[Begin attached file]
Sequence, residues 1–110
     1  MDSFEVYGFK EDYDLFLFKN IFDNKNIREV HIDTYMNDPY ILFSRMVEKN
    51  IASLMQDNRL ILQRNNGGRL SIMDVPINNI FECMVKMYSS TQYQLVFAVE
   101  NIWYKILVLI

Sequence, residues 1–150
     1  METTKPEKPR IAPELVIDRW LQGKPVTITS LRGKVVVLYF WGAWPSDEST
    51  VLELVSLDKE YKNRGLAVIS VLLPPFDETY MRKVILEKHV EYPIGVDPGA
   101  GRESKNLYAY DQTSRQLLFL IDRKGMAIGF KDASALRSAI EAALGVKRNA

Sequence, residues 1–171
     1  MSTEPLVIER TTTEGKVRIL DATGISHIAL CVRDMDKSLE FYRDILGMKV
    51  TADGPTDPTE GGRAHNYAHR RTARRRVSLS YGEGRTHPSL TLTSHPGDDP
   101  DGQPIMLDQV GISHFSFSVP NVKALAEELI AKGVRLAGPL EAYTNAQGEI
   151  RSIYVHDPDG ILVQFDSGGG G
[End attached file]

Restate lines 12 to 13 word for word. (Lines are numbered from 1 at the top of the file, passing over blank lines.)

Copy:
   101  DGQPIMLDQV GISHFSFSVP NVKALAEELI AKGVRLAGPL EAYTNAQGEI
   151  RSIYVHDPDG ILVQFDSGGG G